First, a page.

you. You [are] not a man if you cannot bring children into the world' was the experience of one patient. Another man said: `You know, in our culture, if you cannot bear children you are not considered to be a person. They say you are a weak man. During community meetings when this person has to say his views, other men will say ``What are you talking about, you know nothing, you don't have children. Sit, only those men with children can talk'''. A few men talked about exclusion from the custom of letting children do certain tasks. `Let us say that an elderly person wants to buy something in a shop, then he requests one child to go shopping for him' a participant explained. However, if a man had no children, other parents would not allow this man to send their child but would tell him to make his own. This was perceived to be both a hurtful and an insulting experience. Men appeared to handle these negative experiences in different ways. Several expressed feelings of hurt, anger as well as shame and embarrassment. `They put you on the spot' one participant explained about the `questions' that would be asked, `and you feel you just want to vanish'. And another one said: `If you are a man and the [fertility] problem is on the man's side¼you want to hide, you don't want to go out in the community'. Eight of the informants explained that they tried to ignore provocations or avoid social contacts like this man who said `If I am going to take note ¼I will have to report myself to a nuthouse [mental institution]'. Pretending not to want to have a child was another strategy employed to avoid negative experiences. Some said it was up to each individual to deal with the experience. `Some people will criticizse you, but if you are happy with your woman you don't worry when they criticize'. A few of the men who appeared unaffected by the negative input were concerned about their wives who did take the `talk' seriously and suffered because of it. Only three men thought that the community would not treat childless men differently and a further two felt that although jokes would be made, the community would not reject a person because of infertility. Discussion Africa is a pro-natalist continent where marriage is almost universal and occurs at an early age (Sonko, 1994). Children are highly valued for personal, socio-cultural and economic reasons (Savage, 1992; van Balen and Gerrits, 2001; van Zandvoort et al., 2001). Women generally have low status and derive their value from their reproductive abilities (Blenner, 1991; Savage, 1992; Sonko, 1994). In this context, infertility traditionally has been treated as a female problem (Mbizvo et al., 1984; Savage, 1992; Yeboah et al., 1992). This study offers new insight into the male perspective of involuntary childlessness. The results of our study should not be interpreted as contradictory to the general concept that women carry the main burden of infertility but be viewed as an addition to our existing understanding of the reproductive health needs of both men and women. Lack of adequate knowledge was a central ®nding of our study. Men were poorly informed about basic reproductive biology, causes of infertility and modern treatment options.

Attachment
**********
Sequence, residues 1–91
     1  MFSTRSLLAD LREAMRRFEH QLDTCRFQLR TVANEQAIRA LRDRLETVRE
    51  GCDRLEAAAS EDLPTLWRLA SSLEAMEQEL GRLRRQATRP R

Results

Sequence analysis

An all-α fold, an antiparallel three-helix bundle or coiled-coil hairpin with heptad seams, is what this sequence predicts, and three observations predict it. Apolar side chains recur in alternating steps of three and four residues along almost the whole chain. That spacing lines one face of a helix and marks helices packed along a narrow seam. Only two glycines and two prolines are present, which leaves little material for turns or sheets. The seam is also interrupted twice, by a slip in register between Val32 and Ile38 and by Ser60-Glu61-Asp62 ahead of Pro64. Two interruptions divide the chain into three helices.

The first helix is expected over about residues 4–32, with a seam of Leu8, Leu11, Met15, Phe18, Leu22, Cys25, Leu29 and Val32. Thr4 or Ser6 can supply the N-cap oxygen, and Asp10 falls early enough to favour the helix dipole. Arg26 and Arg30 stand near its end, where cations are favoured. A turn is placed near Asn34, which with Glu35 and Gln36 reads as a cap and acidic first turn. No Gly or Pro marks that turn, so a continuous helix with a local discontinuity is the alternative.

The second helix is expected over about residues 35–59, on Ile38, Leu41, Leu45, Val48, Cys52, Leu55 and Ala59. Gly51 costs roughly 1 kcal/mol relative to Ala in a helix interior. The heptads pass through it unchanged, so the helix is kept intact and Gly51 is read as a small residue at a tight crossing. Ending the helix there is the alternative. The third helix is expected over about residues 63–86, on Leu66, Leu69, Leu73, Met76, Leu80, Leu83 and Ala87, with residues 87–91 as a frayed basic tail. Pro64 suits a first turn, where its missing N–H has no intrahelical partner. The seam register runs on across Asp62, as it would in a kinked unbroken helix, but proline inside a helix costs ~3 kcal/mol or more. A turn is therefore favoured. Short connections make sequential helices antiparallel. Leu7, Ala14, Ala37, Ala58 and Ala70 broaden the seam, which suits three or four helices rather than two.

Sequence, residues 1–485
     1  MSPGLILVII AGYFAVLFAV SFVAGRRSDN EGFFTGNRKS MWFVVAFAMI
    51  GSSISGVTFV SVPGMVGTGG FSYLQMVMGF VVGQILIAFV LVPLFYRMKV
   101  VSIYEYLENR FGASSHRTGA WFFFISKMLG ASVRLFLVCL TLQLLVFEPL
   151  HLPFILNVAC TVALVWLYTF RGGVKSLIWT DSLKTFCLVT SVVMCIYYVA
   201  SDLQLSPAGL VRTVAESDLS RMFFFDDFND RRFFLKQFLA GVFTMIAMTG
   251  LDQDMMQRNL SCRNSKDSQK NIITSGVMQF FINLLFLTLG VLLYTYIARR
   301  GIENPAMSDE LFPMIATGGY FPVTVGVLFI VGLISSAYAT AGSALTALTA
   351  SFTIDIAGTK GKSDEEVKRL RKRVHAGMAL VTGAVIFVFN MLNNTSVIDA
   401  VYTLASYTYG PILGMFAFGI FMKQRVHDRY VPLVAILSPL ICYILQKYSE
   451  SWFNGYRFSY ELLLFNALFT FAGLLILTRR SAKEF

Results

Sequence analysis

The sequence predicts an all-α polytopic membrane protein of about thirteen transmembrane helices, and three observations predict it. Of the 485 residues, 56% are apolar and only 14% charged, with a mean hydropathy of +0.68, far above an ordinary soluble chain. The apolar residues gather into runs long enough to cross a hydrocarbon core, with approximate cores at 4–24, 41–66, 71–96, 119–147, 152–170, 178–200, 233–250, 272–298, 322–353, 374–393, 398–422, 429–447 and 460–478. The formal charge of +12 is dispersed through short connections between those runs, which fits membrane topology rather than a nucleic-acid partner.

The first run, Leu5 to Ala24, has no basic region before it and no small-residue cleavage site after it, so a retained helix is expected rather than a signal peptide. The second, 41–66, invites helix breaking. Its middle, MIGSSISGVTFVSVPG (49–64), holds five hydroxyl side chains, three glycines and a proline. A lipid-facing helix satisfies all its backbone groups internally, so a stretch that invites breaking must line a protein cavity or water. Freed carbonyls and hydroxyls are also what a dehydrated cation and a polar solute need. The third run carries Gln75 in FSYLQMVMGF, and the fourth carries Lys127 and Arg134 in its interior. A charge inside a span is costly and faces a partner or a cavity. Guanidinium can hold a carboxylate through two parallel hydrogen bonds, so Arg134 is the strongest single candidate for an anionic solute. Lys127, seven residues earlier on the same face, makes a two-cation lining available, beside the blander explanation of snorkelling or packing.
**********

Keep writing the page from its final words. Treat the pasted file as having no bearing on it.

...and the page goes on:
Experiences and knowledge of infertile couple males in South Africa